AVC: Are they upset that the break from Dead Moon to Pierced Arrows was so short?
TC: No, they are so used to it. We keep in touch through e-mail and phone calls. We’re only gone two to two-and-a-half months, and then we’re home for two weeks or a month or two. They’re all grown. Amanda and Whedon are over 40, Shea is 40 next year. They are busy as hell. It’s different than when they were young. We weren’t touring then.
AVC: Even though it’s still you and Fred writing songs, has your approach changed with Pierced Arrows from Dead Moon?
TC: No, not really. Maybe in a miniscule way. It’s a natural progression—Fred has had this style since way back. With this band he’s going into this other tangent that he was trying at end of Dead Moon. We couldn’t do skip beats and breaks [before]. It’s just some more complex musicianship [in Pierced Arrows]. He writes what comes into his head, but the approach hasn’t changed at all.
AVC: You ran a general store. What could one buy there?
TC: We owned one for eight years. It was beer, milk, groceries, smokes, coffee, and it was on the same property as our guitar shop. We sold the general store, and after 30 years closed down Tombstone Music. We weren’t enjoying it, we were ready to let it go and both of us are extremely happy to be out of retail right now. It has to be your sole focus, which it was for a lot of years. Now we can focus on music, our website, and our personal lives and family life.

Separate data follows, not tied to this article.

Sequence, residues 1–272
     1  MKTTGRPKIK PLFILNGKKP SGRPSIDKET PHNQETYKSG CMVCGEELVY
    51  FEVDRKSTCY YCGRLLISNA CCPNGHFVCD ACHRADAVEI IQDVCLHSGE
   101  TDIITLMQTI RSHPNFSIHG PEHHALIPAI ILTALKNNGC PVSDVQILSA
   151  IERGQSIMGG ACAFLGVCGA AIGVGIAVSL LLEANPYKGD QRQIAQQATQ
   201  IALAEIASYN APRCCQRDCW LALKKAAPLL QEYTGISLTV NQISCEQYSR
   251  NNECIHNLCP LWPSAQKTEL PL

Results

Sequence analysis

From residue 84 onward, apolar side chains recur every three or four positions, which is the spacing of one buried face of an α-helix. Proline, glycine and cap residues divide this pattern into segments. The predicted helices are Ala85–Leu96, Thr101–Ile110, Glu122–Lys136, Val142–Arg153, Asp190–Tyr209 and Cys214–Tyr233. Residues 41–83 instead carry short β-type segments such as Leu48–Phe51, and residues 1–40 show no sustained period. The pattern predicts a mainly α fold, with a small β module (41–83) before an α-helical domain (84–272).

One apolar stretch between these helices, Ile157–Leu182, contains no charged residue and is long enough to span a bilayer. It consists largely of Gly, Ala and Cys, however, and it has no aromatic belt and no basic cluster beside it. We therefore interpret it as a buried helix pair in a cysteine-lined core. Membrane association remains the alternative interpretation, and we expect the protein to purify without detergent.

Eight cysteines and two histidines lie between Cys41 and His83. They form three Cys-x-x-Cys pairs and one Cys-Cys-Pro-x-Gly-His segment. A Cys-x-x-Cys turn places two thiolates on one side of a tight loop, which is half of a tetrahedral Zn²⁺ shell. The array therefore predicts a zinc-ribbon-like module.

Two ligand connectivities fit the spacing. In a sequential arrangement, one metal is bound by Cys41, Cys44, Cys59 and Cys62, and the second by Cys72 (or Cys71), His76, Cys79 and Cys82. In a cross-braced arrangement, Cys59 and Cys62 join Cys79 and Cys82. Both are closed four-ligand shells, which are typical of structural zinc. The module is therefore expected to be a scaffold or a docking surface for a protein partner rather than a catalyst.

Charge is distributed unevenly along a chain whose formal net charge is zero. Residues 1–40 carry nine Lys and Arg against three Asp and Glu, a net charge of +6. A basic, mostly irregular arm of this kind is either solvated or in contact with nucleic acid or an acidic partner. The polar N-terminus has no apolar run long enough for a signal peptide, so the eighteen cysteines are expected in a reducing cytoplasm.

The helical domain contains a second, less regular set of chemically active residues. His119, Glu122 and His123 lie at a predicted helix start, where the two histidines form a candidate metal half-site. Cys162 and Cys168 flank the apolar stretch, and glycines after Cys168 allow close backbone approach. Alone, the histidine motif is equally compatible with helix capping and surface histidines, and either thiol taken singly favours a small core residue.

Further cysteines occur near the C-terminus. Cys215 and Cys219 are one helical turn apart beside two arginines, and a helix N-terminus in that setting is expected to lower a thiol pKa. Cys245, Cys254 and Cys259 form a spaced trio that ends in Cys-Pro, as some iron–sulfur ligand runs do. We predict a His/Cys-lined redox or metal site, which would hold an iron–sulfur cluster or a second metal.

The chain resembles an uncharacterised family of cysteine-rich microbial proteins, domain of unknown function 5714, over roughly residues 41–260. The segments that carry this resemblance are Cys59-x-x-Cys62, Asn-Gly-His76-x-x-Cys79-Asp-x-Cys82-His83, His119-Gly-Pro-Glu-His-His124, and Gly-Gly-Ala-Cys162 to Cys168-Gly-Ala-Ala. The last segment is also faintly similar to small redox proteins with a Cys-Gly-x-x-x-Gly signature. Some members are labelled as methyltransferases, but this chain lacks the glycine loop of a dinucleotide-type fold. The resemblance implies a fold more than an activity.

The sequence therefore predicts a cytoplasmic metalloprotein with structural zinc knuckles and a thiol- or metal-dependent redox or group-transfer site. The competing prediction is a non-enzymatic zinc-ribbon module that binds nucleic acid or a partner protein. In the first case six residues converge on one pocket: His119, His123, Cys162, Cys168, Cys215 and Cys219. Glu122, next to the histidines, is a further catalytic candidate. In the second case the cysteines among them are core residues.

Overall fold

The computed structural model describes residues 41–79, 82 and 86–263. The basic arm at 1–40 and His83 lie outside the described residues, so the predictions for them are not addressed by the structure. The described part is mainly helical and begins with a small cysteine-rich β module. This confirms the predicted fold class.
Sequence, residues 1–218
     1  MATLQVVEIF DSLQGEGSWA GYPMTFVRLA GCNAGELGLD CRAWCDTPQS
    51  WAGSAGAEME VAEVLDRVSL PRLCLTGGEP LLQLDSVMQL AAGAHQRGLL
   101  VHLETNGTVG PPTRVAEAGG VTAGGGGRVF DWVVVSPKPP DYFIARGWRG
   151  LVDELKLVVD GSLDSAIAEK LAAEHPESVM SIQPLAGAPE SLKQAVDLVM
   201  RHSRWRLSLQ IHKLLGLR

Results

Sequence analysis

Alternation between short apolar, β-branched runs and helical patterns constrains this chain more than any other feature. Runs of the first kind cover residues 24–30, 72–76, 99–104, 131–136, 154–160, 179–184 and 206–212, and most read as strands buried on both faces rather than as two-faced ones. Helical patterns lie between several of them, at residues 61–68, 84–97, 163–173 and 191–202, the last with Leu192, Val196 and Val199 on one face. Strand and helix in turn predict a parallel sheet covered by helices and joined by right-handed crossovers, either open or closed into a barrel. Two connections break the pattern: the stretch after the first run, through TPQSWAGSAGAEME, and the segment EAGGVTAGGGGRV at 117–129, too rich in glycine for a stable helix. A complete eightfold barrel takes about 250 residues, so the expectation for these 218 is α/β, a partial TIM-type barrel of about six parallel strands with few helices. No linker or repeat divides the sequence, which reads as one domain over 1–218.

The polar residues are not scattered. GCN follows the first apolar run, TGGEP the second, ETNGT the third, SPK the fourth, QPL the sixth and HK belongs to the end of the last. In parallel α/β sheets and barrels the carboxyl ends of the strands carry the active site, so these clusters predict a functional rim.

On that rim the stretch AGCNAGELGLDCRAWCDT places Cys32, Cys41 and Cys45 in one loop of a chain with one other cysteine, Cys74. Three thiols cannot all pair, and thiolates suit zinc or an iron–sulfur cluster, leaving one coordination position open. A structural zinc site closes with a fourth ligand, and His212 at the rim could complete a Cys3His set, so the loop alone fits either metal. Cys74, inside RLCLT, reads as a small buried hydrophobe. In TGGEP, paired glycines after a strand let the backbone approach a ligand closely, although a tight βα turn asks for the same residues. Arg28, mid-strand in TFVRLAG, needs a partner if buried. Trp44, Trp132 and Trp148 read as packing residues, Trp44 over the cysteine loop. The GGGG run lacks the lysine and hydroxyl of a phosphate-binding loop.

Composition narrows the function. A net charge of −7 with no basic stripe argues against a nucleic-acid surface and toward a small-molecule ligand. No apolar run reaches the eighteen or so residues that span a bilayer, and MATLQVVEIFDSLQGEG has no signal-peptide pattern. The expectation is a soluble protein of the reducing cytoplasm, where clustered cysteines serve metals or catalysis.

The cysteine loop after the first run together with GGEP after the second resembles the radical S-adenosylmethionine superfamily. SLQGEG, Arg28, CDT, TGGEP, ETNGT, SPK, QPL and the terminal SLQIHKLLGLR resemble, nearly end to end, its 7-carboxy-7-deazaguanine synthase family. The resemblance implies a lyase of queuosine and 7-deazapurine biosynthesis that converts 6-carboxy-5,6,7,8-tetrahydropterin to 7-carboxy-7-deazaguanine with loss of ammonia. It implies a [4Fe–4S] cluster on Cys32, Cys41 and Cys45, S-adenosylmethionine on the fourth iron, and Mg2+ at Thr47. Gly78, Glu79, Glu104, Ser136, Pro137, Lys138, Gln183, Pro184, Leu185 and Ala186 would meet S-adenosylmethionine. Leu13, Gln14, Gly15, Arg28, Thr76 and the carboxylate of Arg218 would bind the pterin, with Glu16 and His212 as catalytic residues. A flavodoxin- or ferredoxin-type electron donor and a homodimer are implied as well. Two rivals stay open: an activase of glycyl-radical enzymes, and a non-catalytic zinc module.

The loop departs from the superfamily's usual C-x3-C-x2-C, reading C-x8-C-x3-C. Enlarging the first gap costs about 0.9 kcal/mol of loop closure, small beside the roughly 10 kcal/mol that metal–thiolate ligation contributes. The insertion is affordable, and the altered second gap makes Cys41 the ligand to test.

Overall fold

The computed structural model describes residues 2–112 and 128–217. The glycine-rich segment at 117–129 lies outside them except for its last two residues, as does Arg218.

AVC: Are you done with retail forever?
TC: Yeah. That’s what we work for, to retire to do what you wanna do. We worked real hard when we were young; we’re set so we can do that. It’s great to know. [Laughs.] I love it. It’s my second childhood.
AVC: You mean just play music exclusively now?
AVC: Do you still play Dead Moon songs? How accepting is the audience of the fact that Dead Moon was the past and Pierced Arrows is the present?
TC: Everyone has been very cool. Now we have enough of a repertoire that we have people that haven’t even heard Dead Moon accepting Pierced Arrows on their own merit. It’s always great to be known for what you’re doing in present, not just the past. At this point we do “It’s O.K.” and “54/40 Or Fight” and that’s pretty much it at this point.
AVC: Do people at shows who want to hear only Dead Moon songs ever bother you?
TC: Nobody gives us shit; they request some songs we haven’t played in 10 years, but they did that during Dead Moon too. We had over 200 to 250 songs; it’s not like you can pull any one out of the bag at any point. [Laughs.] It doesn’t happen continually. It would be hell to pay if you had whatever new project and all they wanna hear is what you’ve done before. Then you call it a day.